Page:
Measuring adolescent smoking cessation motives and methods
Initial Award Abstract
Significant increases in youth smoking rates were observed in the 1990's. This issue is of concern given the substantial persistence of adolescent smoking into adulthood and the attendant smoking-related health consequences. Although much attention has been directed toward adolescent smoking cessation in recent years, little is understood regarding why and how adolescents attempt to stop smoking. A substantial proportion of adolescent smokers try to cut down or quit smoking on their own each year. As such, information about motives and methods for adolescent smoking cessation may be particularly valuable for developing interventions to assist adolescents in these efforts. At this time there are few, if any tested methods available for assessing adolescent smoking cessation motives and methods. Thus, the proposed study is designed to develop questionnaires that provide detailed information on these topics. The first part of the study involves conducting focus groups with high school students to develop content and format of a questionnaire to assess how teens go about trying to quit smoking and what motivates these efforts. The second part of the study involves interviewing adolescents at two time points. This part of the study will provide information regarding the utility and quality of the newly developed questionnaire of adolescent smoking cessation methods and motives. In addition, this portion of the study will permit preliminary evaluation of factors that predict which teens are most likely to attempt to quit smoking. This study is intended to provide the foundation for subsequent studies of the natural history of adolescent smoking cessation. |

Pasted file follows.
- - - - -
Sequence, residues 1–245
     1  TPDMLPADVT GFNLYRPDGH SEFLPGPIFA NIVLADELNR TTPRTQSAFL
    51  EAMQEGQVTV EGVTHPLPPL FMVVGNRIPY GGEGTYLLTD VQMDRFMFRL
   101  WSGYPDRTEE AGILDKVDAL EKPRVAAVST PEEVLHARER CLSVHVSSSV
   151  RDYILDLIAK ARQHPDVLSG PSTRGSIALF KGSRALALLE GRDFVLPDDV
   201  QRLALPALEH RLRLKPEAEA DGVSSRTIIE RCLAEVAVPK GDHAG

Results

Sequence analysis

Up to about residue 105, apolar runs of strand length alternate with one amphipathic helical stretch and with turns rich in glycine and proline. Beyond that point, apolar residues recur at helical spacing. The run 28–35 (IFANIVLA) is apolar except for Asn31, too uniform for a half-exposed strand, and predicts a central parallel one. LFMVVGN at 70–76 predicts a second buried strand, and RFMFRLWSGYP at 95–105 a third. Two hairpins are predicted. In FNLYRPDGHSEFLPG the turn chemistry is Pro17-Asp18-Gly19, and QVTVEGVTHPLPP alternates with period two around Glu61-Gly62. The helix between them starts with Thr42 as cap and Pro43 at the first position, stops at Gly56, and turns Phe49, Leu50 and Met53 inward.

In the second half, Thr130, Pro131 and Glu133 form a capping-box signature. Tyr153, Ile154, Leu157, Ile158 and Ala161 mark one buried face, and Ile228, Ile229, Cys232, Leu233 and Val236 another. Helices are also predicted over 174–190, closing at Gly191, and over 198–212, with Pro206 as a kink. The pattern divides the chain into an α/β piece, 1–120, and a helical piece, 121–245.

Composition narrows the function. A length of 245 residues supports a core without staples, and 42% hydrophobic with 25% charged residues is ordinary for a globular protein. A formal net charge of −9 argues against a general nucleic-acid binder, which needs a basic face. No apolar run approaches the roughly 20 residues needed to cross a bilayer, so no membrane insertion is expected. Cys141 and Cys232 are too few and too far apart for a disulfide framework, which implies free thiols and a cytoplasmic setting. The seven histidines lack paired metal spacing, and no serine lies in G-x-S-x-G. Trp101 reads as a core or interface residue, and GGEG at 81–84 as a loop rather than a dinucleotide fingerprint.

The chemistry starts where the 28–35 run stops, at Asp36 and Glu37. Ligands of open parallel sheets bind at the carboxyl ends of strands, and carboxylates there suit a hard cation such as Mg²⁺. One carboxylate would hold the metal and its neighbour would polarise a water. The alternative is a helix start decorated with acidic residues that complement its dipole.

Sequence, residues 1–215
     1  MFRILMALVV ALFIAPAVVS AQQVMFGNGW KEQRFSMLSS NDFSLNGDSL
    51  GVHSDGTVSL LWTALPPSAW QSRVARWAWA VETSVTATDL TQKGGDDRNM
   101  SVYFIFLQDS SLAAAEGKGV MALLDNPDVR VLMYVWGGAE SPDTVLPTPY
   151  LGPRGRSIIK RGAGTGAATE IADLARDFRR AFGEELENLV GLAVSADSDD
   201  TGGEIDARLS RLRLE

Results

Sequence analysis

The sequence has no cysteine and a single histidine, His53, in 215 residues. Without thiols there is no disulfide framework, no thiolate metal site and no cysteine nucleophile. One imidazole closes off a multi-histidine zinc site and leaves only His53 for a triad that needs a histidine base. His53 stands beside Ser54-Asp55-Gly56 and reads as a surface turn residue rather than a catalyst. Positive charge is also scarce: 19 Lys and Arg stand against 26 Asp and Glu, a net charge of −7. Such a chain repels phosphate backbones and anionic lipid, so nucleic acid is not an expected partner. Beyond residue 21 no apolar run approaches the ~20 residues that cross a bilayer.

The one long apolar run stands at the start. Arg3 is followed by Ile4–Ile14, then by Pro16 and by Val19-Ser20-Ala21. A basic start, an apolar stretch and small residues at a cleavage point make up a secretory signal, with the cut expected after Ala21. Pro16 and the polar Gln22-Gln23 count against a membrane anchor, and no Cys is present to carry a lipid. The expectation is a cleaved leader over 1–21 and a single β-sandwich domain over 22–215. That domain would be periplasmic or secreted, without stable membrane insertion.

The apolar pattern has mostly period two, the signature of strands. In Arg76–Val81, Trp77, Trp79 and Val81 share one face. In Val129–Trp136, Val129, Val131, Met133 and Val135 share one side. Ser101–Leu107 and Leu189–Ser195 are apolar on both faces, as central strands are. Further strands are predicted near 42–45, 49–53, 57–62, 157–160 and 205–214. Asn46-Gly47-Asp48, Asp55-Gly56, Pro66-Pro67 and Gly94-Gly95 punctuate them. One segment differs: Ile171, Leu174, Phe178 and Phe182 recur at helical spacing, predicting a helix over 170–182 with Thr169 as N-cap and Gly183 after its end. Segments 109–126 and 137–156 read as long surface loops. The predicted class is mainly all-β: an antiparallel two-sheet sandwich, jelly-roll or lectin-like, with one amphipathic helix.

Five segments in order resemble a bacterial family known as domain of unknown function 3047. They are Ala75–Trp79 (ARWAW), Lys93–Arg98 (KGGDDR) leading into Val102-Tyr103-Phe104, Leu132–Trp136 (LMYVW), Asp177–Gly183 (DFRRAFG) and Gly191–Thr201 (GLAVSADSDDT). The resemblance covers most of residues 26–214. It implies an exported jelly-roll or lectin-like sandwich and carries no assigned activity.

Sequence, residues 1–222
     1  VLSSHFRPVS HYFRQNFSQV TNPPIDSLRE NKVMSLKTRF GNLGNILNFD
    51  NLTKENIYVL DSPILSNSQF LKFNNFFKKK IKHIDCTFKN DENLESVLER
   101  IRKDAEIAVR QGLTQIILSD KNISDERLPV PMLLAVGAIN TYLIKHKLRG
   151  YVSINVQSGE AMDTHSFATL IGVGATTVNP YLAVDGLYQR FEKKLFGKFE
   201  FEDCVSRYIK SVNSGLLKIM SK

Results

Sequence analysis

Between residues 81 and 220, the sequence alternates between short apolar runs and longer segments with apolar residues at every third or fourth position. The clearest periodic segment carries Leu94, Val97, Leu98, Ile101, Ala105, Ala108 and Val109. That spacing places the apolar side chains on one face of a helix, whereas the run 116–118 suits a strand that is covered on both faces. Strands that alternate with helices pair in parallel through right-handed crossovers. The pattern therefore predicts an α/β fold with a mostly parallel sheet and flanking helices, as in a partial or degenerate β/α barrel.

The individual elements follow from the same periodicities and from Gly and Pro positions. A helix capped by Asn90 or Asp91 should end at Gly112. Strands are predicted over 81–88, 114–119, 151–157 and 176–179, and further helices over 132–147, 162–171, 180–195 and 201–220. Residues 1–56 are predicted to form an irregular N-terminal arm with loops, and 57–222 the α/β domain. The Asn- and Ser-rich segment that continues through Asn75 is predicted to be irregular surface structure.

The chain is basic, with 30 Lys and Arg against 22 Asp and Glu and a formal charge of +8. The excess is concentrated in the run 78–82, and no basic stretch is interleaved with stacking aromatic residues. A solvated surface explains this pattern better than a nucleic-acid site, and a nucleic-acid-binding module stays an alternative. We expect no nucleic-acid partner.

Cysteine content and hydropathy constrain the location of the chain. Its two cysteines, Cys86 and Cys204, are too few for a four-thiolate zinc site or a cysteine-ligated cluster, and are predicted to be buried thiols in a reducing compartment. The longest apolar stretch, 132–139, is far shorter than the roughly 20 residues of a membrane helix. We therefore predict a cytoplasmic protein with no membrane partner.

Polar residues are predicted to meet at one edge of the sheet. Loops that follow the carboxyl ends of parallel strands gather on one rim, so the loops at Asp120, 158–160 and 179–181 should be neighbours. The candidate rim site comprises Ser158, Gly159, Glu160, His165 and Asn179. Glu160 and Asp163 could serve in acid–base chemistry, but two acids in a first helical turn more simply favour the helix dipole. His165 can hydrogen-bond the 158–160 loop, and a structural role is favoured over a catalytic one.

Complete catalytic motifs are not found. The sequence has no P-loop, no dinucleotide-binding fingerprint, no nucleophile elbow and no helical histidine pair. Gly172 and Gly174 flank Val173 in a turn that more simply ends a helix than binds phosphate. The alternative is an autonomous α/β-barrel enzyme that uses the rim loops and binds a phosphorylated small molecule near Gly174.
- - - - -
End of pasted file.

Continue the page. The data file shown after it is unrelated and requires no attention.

|Adolescent motives for quitting smoking.
|Periodical: Society for Research on Nicotine and Tobacco Conference
|Authors: Myers MG, MacPherson L